My pleasure, glad you enjoyed it.
        Yes the Moth is all about transformation, well for me at least. You are quite correct in that one can watch this little short film and always discover something new. It has so many layers of meaning. Even the crude bit with the gross man sat opposite Tutli-Putli could be interpreted in many different ways, from his viewpoint, from hers, from the joint scene looking in as an oberver. Interesting stuff ๐Ÿ™‚

        And yes, lol, there is something eerily similar around the eyes. I just love how they used stop animation but with real eyes so there is more emotion to this film than what normal would be.

  2. thewitchspromise

    These books sound really interesting and you’ve made me want to find out more. I don’t like the sci fi makeover of moon eyes, the original cover is so much better.

  3. Dear Whistles in the Wind,

    I’m so happy to have discovered you and to read this excellent tribute/review to Josephine Poole. I have read and re-read her works (and especially Moon Eyes) since the 4th grade. In my opinion, she is up there with the very best and deserves a lot more recognition.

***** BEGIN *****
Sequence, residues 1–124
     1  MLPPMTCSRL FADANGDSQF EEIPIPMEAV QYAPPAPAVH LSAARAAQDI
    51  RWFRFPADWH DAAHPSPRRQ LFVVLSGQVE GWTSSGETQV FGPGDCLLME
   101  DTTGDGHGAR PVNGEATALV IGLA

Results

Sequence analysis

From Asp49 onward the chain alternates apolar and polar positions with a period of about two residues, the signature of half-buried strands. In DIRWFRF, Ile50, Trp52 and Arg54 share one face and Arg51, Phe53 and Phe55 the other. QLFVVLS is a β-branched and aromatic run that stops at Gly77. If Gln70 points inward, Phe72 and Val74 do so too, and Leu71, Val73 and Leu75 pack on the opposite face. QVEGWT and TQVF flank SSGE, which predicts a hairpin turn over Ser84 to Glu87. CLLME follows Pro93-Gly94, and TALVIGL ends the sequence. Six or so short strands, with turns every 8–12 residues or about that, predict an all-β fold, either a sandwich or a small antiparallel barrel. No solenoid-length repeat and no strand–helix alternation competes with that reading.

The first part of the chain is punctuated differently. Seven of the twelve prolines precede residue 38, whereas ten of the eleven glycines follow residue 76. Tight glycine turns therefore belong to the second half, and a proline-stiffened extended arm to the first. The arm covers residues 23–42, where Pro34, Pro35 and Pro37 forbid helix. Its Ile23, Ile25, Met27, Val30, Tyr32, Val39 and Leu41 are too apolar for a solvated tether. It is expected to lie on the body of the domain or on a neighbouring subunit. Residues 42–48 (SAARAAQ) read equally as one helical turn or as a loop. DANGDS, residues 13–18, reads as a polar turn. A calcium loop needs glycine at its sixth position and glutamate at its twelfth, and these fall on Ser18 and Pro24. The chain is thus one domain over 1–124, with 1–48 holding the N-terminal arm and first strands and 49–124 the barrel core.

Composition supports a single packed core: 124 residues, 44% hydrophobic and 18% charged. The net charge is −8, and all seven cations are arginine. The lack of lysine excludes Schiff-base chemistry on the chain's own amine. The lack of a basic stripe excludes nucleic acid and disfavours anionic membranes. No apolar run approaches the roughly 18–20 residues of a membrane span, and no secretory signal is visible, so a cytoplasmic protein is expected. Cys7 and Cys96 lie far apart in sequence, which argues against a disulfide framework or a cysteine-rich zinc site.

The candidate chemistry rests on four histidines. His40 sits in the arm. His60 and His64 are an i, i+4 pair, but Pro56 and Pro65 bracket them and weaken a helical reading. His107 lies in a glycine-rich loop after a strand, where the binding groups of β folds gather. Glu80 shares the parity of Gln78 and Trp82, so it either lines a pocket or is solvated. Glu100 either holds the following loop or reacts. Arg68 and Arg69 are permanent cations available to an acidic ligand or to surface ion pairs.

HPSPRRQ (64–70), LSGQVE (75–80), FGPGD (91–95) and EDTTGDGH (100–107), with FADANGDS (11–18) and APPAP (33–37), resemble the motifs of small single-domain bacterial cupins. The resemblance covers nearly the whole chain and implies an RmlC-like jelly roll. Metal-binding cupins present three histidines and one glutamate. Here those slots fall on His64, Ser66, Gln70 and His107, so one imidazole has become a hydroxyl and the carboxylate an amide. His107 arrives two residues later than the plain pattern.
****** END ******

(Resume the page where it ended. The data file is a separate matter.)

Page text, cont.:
Thank you for giving her the publicity she should have!
    Rebekah Bales-Dunford

  4. I have the original print of the book, and although I didn’t read it as a child, it quickly became a favorite and treasured book, which I re-read often. I always wondered why more people didn’t know her work. Moon Eyes is chillingly creepy, yet totally addictive. Also, and I am not sure that I can describe it accurately, it is a book that literally “envelops” you in a haunting and confining solitude. It’s you and Kate, no matter how many people are around you in real life. However, what I love the most about this book is that, aside from being mysterious and spellbinding, it is also exquisitely written literature. It’s scary without gore, and fantastic, while realistic. And yet, at the end, it’s all about hope, love, and kindness. SO worth reading! Thank you so much for your evocative review! I will be looking for Billy Buck soon too! ๐Ÿ™‚
    Regards,
    Susana
    http://www.akeytothearmoire,com